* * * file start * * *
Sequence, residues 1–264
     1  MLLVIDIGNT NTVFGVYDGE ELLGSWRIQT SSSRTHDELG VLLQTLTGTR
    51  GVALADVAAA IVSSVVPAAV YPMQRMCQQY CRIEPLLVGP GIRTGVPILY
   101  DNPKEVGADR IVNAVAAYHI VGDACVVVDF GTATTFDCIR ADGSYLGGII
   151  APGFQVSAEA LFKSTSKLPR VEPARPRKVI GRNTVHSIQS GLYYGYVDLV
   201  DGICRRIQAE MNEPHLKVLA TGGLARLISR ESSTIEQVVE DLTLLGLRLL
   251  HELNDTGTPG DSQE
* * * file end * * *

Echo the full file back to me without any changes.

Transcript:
Sequence, residues 1–264
     1  MLLVIDIGNT NTVFGVYDGE ELLGSWRIQT SSSRTHDELG VLLQTLTGTR
    51  GVALADVAAA IVSSVVPAAV YPMQRMCQQY CRIEPLLVGP GIRTGVPILY
   101  DNPKEVGADR IVNAVAAYHI VGDACVVVDF GTATTFDCIR ADGSYLGGII
   151  APGFQVSAEA LFKSTSKLPR VEPARPRKVI GRNTVHSIQS GLYYGYVDLV
   201  DGICRRIQAE MNEPHLKVLA TGGLARLISR ESSTIEQVVE DLTLLGLRLL
   251  HELNDTGTPG DSQE